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Radiological Study on Sesamoid Bones of the Foot among Omani Subjects.

Authors
  • Al Shabibi, Ammar1
  • Sirasanagandla, Srinivasa Rao2
  • Al Thuhli, Zahran1
  • Al Dhuhli, Humoud3
  • Al Mushaiqri, Mohamed2
  • Jaju, Sanjay4
  • 1 College of Medicine and Health Sciences, Sultan Qaboos University, Muscat, Oman. , (Oman)
  • 2 Department of Human and Clinical Anatomy, College of Medicine and Health Sciences, Sultan Qaboos University, Muscat, Oman. , (Oman)
  • 3 Department of Radiology and Molecular Imaging, College of Medicine and Health Sciences, Sultan Qaboos University, Muscat, Oman. , (Oman)
  • 4 Department of Family Medicine & Public Health, College of Medicine and Health Sciences, Sultan Qaboos University, Muscat, Oman. , (Oman)
Type
Published Article
Journal
Oman medical journal
Publication Date
Jul 01, 2020
Volume
35
Issue
4
Identifiers
DOI: 10.5001/omj.2020.105
PMID: 32879736
Source
Medline
Keywords
Language
English
License
Unknown

Abstract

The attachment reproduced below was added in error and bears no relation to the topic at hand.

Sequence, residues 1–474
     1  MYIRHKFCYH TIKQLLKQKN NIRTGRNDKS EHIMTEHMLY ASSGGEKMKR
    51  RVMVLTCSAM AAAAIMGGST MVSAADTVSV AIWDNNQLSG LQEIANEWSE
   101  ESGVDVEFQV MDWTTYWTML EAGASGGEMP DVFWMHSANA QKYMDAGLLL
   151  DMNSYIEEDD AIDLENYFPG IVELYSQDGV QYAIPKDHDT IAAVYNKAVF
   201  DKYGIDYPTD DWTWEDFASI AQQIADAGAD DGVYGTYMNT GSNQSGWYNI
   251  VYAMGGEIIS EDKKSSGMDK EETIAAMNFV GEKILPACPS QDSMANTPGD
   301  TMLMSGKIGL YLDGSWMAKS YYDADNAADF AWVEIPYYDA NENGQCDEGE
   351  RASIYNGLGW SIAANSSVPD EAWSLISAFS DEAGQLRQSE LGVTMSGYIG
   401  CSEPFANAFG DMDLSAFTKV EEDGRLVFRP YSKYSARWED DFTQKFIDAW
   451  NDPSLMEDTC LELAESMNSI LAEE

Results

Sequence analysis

The prevalence and appearance of sesamoid bones in the foot vary considerably among different populations and ethnic groups. We sought to evaluate the prevalence and distribution patterns of foot sesamoid bones among Omani patients referred for radiological investigation. We conducted a retrospective study among patients who had been referred for foot X-ray from January to December 2018. We used the chi-square test to determine the gender and age influence on the prevalence of sesamoid bones, and the Spearman's correlation coefficient to assess the coincidence of specific distributions of sesamoid bones at the metatarsophalangeal (MTP) joints. A total of 774 foot radiographs composed of 442 right foot radiographs and 332 left foot radiographs were reviewed for the presence of sesamoid bones at MTP and interphalangeal (IP) joints of the foot. We observed a high prevalence rate of sesamoid bones at the fifth MTP joint (13.7%), and first IP of the great toe (9.9%). There were nine distinctive patterns of sesamoid bones. The coincidence of sesamoid bones at two or more MTP joints was 14.6%, with a high prevalence rate at first and fifth MTP joints (10.3%). Moreover, the prevalence rate of sesamoid bones increased with increasing age at the fifth MTP joint. The prevalence of sesamoid bones in the foot is considerably high in Omani subjects and needs further prospective studies. Meanwhile, our findings could be helpful for clinicians to consider ailments of sesamoid bones during differential diagnosis in Omani patients who present with foot pain and discomfort. The OMJ is Published Bimonthly and Copyrighted 2020 by the OMSB.

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